Hi Angie,My name is Bob and I live in New Jersey.I had two MVD's performed in 2002- one was completed in July of that year and then another was successfully completed on11/7/2002. (of course my favorite numbers became "7"--"11"! You probably inferred from the previous sentence that the first attempt to correct my condition was a failure and you would be spot on correct.That's stating it mildly.I recently revisited my post surgical report from the successful MVD and although some of the phraseology is somewhat technical, I am presenting it to stress the importance of choosing the most qualified neurosurgeon who performs this operation multiple times each week. Midway through the report it was noted that my cerebellum was found to be incredibly scarred to the overlying dura and ultimately the petrous bone.Microsurgical dissection was carried out to free the cerebellum from the overlying dura and petrous bone This was an extremely tedious dissection which is quite difficult.The next sentence describes the total incompetence of the first neurosurgeon who performed on average 1 MVD per month."at this point teflon was seen along the periphery of the 7th and 8th nerve.The brain stem was observed and -NO TEFLON WAS SEEN AT THE ROOT EXIT OF THE 7TH NERVE.THE LARGE ANTERIOR INFERIOR CEREBELLAR ARTERY WAS IMBEDDING THE BRAIN STEM ALONG THE 7TH NERVE.THIS CONDITION WAS ELEVATED AND DECOMPRESSED WITH TEFLON PLEDGETS.THE VERTEBRAL ARTERY AND THE POSTERIOR INFERIOR CEREBELLAR ARTERY WERE ALSO INDENTING THE 7TH CRANIAL NERVE AS IT EXITED THE BRAIN STEM.THESE VESSELS WERE ALSO ELEVATED AND THE NERVE WAS DECOMPRESSED.This is why the operation was a total failure and my condition worsened.I hope you were able to discern just how incompetent the first neurosurgeon was and how important it is to make your first choice your best choice.Two brain surgeries in a 3 1/2 span of time is not the way to go. Before I had the 2 MVD's I was treated with Botox (unsuccessfully) .In the first attempt the doctor injected 20 units

    of Botox at 2 different sites on the right side of my face .I was told to return in a week for the "BOTOX EFFECTIVENESS REPORT" and to the good doctor's surprise the twitch was alive and well.So the good doctor was supposed to only double the next dose but he QUADRUPLED IT-"ENOUGH TO PARALYZE A HORSE " he said.But the same result was in evidence a week later and as a result  he threw up his arms and said MVD surgery was my next stop. And now you know the rest of the story .Good Luck!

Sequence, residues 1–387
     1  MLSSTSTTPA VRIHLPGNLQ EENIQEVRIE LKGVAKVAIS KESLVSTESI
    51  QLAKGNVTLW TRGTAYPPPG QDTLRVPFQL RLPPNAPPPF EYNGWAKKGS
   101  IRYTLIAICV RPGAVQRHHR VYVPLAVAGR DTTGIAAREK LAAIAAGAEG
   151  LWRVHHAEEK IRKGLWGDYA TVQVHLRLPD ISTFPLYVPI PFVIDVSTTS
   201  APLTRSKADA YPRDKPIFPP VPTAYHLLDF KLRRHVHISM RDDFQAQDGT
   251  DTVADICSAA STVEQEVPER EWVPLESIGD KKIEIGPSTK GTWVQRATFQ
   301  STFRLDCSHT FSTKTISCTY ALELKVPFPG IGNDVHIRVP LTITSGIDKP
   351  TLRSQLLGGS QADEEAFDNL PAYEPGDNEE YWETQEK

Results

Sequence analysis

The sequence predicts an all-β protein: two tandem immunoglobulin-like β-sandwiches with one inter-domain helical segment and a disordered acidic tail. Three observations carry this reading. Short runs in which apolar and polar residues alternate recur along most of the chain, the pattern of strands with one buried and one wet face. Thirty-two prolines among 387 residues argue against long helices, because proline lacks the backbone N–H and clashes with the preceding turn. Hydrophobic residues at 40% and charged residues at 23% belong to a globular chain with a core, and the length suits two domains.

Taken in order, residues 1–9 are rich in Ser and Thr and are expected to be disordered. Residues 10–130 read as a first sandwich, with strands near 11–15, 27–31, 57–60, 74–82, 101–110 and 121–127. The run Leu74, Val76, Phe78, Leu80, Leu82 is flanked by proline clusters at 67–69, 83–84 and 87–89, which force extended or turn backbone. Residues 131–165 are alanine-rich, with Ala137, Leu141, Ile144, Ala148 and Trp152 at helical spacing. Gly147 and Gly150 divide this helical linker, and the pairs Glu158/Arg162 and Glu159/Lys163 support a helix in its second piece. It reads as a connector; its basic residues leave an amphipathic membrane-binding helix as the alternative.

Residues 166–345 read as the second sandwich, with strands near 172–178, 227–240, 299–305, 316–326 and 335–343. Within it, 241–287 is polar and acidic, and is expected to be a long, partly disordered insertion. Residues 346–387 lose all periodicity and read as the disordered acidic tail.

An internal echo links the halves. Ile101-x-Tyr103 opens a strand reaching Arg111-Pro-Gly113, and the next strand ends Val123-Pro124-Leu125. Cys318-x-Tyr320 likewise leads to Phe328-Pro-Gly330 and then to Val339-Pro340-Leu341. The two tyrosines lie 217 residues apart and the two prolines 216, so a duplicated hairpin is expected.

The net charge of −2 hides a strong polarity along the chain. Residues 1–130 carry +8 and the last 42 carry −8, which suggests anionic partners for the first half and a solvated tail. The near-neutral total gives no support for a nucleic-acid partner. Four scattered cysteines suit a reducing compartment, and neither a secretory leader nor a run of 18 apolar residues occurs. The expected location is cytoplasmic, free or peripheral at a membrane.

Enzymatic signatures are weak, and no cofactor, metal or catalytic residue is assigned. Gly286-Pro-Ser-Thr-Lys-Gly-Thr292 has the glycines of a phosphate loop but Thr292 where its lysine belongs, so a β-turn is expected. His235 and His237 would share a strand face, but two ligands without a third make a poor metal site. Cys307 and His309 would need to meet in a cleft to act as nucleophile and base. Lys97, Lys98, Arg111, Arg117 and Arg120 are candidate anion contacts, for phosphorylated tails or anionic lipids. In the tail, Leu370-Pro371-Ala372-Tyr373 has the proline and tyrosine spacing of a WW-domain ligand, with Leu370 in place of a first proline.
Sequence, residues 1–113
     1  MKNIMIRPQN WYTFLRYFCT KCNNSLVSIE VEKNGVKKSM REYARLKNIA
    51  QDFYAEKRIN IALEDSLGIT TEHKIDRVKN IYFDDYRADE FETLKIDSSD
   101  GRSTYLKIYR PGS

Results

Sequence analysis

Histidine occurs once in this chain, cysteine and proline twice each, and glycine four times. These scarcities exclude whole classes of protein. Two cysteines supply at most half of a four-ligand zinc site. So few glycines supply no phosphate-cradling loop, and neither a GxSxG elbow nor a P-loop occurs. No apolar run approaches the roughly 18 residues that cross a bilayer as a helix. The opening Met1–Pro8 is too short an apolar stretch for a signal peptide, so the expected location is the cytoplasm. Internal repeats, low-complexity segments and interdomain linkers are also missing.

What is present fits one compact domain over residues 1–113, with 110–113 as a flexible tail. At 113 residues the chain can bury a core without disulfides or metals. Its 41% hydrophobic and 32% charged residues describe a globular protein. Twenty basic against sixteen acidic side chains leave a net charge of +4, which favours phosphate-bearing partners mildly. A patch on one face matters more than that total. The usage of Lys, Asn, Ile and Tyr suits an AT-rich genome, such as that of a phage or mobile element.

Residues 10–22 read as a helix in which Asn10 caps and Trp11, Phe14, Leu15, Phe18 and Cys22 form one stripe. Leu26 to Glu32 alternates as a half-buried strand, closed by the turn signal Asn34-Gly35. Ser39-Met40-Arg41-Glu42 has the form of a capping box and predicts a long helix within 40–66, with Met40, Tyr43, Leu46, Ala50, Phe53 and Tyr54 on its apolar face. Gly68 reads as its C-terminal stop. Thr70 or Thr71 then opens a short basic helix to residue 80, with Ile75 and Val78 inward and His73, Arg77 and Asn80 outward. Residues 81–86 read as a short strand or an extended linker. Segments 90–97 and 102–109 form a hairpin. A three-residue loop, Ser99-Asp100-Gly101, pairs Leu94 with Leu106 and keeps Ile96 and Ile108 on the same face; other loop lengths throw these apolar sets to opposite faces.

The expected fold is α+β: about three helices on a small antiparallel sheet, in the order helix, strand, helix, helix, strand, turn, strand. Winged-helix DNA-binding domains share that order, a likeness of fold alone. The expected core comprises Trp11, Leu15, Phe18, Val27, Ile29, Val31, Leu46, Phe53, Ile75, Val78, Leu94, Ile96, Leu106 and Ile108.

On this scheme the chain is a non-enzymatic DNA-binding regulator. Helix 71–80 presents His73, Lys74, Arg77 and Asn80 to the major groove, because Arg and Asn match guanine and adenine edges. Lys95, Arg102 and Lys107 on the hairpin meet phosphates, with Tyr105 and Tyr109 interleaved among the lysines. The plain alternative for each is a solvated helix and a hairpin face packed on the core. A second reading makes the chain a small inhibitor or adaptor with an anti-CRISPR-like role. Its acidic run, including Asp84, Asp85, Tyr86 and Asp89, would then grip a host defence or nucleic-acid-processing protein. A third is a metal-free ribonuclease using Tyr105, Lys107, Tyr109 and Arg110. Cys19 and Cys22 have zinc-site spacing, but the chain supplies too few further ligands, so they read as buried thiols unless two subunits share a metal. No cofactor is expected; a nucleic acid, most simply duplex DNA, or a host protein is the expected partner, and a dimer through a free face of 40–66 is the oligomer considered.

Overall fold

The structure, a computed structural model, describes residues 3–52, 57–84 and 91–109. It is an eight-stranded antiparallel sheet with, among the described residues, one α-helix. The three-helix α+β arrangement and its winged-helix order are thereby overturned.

Report
  • Posted

    Getting discouraged!  My Botox was lasting 4-5 months and I just had it again the end of November and I'm already twitching, etc.  Very frustrated!   Has anyone noticed "when" their twitching acts up the most??   I have noticed that it really acts up in church.  Yes.  Church.  Not just during worship but during the sermon as well.  I notice it acts up when talking to people and drinking or eating.  I will take a sip of my tea and my whole left side of my face cringes.  Are these all typical of hemifacial spasms?   I am a receptionist at a doctor's office and see people all day.  I hate when I talk to them and my left side of my face twitches or my left eye begins to shut.  I'm NOT entirely sure I'm seeing the best eye doctor for Botox because the last time he gave it to me my left eye was affected.  Everytime I blinked, my left eye went all the way to the left.  It freaked me out as well as others.  Even the eye doctor said he has never seen this before.  Now I'm afraid to get my Botox from him next month.   Just having a hard time trying to decide on whether to find a new doctor because he is suppose to be the best in the area and may very well be.  I know after working in the medical field for a long time that things happen.  Practicing medicine is just that - practicing.  Just wanted to know if anyone else experiences any of my issues.  Thank you!

    Report